Wang Yi proposes 3 points for developing ties with S.Pacific countries, urges Australia to stop viewing China as an adversary
Published: Jun 03, 2022 10:12 PM
Chinese State Councilor and Foreign Minister Wang Yi’s visit to South Pacific island countries, Timor-Leste Editor: Feng Qingyin/GT Graphic: Xu Zihe/GT
Chinese State Councilor and Foreign Minister Wang Yi’s visit to South Pacific island countries, Timor-Leste Editor: Feng Qingyin/GT Graphic: Xu Zihe/GT

Chinese State Councilor and Foreign Minister Wang Yi called on developing countries to treat others equally, help each other, and focus on development, as he summarized three keywords on how China develops friendly relations with other countries, including the South Pacific countries, at a joint press conference with Foreign Minister Soroi Eoe of Papua New Guinea, concluding a 10-day visit to the South Pacific.

Wang also urged Australia to improve relations with China and stop seeing China as an adversary.

The first keyword is "Treat others as equals." Wang said China treats every country equally, especially smaller countries. Given its own experience in history, China fully understands the value and importance of "equality" for developing countries, especially small and medium-sized countries. Unlike some other major powers, China will never start "from a position of strength" or keep talking about being a world leader during exchanges with other countries.

Wang noted that international relations should be democratized, and world affairs should be handled through consultation by all countries. What regulates the democratization should only be the purposes and principles of the UN Charter and universally recognized international laws, rather than the so-called rules formulated by a certain major country or a small number of countries on their own.

The second key word is "Help each other." Wang noted that developing countries, especially small and medium-sized countries, are weak in international status and can hardly have their voice heard. In order to safeguard developing countries' common interests and small and medium-sized countries' legitimate rights to development, developing countries must help and support each other, unify and amplify their voices, coordinate and strengthen their common positions, and firmly and consistently oppose all bullying and hegemons. In doing so, the world will gradually become more balanced and truly harmonious.

The third key word is "Focus on development." Wang said that development, revitalization, improvement of people's livelihood and increase of national strength are the common mission and urgent task of all developing countries as well as small and medium-sized countries. The 21st century is the time for developing countries to thrive.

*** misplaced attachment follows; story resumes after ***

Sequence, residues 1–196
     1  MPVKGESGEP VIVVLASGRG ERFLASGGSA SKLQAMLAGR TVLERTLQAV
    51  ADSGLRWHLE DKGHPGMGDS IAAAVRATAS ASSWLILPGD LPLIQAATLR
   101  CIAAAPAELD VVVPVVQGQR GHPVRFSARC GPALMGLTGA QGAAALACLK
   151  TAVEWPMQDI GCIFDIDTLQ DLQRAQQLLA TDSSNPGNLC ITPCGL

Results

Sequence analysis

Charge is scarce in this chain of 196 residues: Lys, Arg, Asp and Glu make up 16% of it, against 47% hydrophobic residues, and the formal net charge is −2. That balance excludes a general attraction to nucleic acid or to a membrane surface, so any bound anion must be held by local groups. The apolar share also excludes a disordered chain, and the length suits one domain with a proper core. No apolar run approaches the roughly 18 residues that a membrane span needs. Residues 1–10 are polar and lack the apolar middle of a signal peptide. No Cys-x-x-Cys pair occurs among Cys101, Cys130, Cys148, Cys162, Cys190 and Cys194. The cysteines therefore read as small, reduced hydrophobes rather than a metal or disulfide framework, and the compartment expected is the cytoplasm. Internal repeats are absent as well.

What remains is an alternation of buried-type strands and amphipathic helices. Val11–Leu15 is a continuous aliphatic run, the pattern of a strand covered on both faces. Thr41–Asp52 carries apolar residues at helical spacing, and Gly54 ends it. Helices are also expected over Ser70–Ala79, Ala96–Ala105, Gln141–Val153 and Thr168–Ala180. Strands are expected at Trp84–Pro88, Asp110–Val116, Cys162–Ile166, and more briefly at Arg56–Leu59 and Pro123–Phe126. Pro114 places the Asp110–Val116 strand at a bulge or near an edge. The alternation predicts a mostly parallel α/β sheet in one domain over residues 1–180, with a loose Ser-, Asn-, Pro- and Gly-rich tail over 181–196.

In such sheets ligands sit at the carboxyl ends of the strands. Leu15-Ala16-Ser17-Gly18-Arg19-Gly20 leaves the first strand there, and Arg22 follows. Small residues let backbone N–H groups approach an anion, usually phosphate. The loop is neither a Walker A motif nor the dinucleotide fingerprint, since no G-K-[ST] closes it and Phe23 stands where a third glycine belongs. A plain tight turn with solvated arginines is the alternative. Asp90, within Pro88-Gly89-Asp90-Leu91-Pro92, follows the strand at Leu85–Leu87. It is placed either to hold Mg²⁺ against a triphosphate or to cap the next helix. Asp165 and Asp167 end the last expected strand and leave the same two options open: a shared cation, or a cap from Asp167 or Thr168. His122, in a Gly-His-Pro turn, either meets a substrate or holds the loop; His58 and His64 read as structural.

Wang pointed out that deepening economic and trade cooperation should be the theme and goal of developing countries, who should jointly remove all obstacles that hinder them from accelerating development.

At the same time, Wang said developing countries call on Western countries to increase input and support for development and refrain from being paranoid about geopolitical competition or using smaller countries as pawns for political exploitation.

Wang said that, with an inclusive attitude, China is always ready to carry out trilateral or multilateral cooperation with developed countries that are willing to cooperate in Pacific Island countries and other developing countries to achieve all-win and win-win outcomes.

He stressed that China's diplomacy is different from that of conventional major powers. What China hopes to achieve is common development and rejuvenation with other developing countries; and that China promotes major-country diplomacy with Chinese characteristics; what China strives for is building a community with a shared future for mankind.

On the occasion, Wang also talked about the future prospect of China-Australia relations.

Wang said the crux of the difficulties in China-Australia relations in recent years lies in the fact that some political forces in Australia are determined to see China as an adversary rather than a partner and portray China's development as a threat rather than an opportunity. This has led to a significant reversal of Australia's previous positive and pragmatic policy toward China.

According to Wang, the solution to the problem is that Australia should view China and its relations with China rationally and positively, respect China and seek common ground while putting aside differences, creating necessary conditions for the two countries' relations to return to the right track.

Wang stressed that there is no "autopilot" mode for China-Australia relations. Concrete actions are needed to reset bilateral ties. This conforms to the aspirations of the two peoples and the trend of the times.

Global Times